The preoccupation with Christ’s suffering is no accident, for it reflects the difficult circumstances of the communities addressed by the letter. Because they bear the stigma of the name “Christian,” they are victimized by various forms of abuse within their social world.
The Cross in 1 Peter
Peter mentions the death of Jesus in every chapter of 1 Peter. (A.2). He has an interesting series of interpretations of the death of Christ. At the beginning of this epistle he refers to the “sprinkling of the blood of Jesus Christ” (1:2), an allusion to Exodus 24:8. “Blood” by itself might mean no more than violent death, but “sprinkling of blood” points to the sacrifices. There the most solemn moment was when the priest took the blood of the victim and “sprinkled” it on the altar. This terminology shows that Peter sees Christ’s death as a sacrifice. What the sacrifices of the Old Testament foreshadowed, Christ fulfilled. Scholars estimate that no other book in the New Testament, with the exception of Hebrews and Revelation, depends so heavily on the Old Testament.
Selwyn writes that it is the meekness of Christ that is the trait that is most important to Peter. It is Peter’s view of the meekness of Christ that influences what he has to say about Jesus’ passion, death and resurrection. (91). He goes on to write that the doctrine of atonement grows out of Christ’s meekness and patience in suffering.
1 Peter 1:11 mentions “the sufferings of Christ”; 4:1 states that “Christ suffered in the flesh”; 4:13 mentions that we share Christ’s sufferings and in 5:1 Peter mentions that he was “a witness of the sufferings of Christ.” Within the epistle there are three main Christological sections – 1:18-22, 2:22-25 and 3:18-22. It is portions of these passages from the English Standard Version that we will spend the most time looking at.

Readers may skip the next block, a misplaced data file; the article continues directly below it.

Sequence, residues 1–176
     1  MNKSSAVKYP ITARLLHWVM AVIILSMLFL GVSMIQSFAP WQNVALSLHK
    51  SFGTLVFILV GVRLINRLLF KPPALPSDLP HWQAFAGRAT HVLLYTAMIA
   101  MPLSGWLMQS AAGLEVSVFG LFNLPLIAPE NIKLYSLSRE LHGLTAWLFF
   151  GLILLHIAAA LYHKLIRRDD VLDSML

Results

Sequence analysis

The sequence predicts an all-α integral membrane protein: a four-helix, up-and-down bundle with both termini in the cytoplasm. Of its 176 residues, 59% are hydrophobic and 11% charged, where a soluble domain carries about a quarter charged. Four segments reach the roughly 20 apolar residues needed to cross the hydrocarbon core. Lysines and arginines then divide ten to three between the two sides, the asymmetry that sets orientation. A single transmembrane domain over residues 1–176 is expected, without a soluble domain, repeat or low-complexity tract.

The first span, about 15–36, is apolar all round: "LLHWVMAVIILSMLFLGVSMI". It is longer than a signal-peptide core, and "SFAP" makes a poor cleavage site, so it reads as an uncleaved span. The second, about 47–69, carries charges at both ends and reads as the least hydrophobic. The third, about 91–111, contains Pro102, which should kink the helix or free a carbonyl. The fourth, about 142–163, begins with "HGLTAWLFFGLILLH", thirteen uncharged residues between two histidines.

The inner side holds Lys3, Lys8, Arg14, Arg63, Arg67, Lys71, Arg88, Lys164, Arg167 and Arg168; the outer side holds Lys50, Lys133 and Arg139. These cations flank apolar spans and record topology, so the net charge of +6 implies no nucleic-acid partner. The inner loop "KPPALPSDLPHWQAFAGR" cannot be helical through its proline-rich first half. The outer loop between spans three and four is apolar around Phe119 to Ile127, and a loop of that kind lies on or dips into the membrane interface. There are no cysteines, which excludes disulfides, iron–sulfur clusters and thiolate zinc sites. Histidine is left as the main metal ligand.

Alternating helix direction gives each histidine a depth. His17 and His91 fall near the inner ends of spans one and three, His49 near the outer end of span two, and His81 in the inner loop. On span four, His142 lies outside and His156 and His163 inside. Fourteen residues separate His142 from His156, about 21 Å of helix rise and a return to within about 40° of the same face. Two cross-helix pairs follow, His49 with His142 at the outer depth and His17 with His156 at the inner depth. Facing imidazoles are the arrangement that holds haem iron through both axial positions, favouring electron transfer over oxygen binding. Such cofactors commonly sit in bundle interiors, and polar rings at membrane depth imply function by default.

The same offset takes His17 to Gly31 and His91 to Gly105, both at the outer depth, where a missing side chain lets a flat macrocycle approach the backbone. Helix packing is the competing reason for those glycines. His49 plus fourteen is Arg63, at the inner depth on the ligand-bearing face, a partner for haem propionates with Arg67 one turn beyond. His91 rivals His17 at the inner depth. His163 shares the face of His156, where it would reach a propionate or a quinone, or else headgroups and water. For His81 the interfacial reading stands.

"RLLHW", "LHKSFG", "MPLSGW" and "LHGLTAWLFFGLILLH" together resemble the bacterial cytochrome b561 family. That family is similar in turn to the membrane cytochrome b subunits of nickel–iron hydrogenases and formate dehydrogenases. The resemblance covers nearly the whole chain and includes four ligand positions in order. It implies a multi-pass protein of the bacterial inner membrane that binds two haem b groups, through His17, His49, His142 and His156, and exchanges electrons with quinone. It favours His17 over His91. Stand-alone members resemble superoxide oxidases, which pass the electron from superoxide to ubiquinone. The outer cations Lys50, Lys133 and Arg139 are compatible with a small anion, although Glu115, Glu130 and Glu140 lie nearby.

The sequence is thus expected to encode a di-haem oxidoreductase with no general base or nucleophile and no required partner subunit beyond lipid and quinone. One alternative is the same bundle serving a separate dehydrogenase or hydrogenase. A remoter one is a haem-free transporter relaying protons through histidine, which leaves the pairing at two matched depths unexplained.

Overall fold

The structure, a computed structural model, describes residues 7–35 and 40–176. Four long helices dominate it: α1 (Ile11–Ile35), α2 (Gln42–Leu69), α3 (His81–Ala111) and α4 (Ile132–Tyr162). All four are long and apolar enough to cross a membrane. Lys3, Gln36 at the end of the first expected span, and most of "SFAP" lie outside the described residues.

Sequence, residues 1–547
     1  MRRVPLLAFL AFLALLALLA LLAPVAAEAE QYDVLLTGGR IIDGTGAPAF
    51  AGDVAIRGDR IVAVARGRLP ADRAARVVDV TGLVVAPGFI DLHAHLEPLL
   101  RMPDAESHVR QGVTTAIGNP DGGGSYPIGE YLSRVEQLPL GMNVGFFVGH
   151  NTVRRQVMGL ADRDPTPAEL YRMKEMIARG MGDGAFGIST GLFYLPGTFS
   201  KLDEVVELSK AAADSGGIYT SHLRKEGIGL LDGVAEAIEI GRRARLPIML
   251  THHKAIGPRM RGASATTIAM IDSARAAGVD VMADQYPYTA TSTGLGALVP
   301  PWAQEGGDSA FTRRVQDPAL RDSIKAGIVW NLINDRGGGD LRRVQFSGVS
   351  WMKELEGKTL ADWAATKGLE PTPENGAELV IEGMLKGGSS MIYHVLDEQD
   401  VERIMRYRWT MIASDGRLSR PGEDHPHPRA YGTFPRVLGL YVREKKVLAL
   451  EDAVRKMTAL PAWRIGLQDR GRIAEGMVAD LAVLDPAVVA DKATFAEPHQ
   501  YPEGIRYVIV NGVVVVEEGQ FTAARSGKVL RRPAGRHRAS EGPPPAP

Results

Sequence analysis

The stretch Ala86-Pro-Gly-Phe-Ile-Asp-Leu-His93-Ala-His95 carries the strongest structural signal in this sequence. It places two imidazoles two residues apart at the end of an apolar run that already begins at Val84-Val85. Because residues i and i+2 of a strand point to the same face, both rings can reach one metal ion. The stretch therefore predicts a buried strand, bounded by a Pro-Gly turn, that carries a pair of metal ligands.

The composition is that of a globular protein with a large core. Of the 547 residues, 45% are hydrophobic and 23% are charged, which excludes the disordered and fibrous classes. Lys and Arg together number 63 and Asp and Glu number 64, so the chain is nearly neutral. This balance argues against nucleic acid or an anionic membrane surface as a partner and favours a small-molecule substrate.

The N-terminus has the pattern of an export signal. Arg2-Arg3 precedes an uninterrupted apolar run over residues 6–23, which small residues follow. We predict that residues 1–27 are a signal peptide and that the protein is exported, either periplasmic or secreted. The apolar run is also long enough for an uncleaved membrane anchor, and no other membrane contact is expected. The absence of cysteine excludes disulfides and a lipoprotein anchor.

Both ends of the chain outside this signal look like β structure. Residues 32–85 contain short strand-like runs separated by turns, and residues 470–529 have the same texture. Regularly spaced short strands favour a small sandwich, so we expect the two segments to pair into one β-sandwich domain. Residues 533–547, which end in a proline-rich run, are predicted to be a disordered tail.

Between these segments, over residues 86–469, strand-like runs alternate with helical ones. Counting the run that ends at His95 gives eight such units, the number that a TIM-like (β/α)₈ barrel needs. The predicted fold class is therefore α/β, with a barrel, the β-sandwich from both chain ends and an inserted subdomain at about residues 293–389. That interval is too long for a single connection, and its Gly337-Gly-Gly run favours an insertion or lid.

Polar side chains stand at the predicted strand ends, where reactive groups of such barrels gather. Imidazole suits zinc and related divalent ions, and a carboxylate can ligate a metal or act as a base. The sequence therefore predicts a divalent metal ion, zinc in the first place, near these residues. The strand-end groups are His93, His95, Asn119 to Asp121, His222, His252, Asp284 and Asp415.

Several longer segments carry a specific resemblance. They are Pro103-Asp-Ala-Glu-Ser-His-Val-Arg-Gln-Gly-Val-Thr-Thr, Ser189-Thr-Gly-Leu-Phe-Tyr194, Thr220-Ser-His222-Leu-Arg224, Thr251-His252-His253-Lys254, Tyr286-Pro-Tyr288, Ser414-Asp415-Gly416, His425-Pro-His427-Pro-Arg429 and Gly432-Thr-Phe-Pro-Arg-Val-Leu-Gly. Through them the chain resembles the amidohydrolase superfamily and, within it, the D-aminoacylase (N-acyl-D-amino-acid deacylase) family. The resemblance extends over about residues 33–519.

“…knowing that you were ransomed from the futile ways inherited from your forefathers, not with perishable things such as silver or gold, but with the precious blood of Christ, like that of a lamb without blemish or spot.”
“Ransomed” refers to being freed from the bondage of sin by the payment of a price. Christ’s blood is at one and the same time the offering of a sacrifice which avails for men, and the payment of a price which avails for men. We are atoned for and we are purchased. The “blood of Christ” means his death in its saving aspect, the atoning death of the Savior.
The death of Jesus was seen through the images of ransom and sacrifice. Jesus’ death has ransomed the readers from the spiritual bondage of their pagan past, and the price of that redemption was the blood of Christ, like that of a sacrificial lamb, free of blemish or spot.
Slavery was a reality to the readers of this epistle. Peter’s words in verse 18 would have had relevance to them, for in their assemblies most likely there were slaves or former slaves. Occasionally a slave could be redeemed by payment of a price. Peter writes that Christ, the Lamb of God is the Redeemer who shed his precious blood as the ransom.
The references to “lamb” and blood” point to the Old Testament sacrifices and to Christ as the Passover Lamb (Exodus 12.5). Just as the Passover lamb was connected to the deliverance of God’s people from bondage, now Jesus’ death has delivered God’s people from their sins and the reign of sin. That Christ was “without blemish” and “without spot” indicate the total perfection of Christ as a sacrifice.
“For to this you have been called, because Christ also suffered for you, leaving you an example, so that you might follow in his steps. He committed no sin, neither was deceit found in his mouth. When he was reviled, he did not revile in return; when he suffered, he did not threaten, but continued entrusting himself to him who judges justly. He bore our sins in his body on the tree, that we might die to sin and live to righteousness. By his wounds you have been healed.”
Howe includes a helpful comparison of seven statements in this passage that allude to phrases in the Suffering Servant passage from Isaiah 53. Jesus was obviously familiar with this passage and knew what he was to face. Howe’s comparisons are listed below: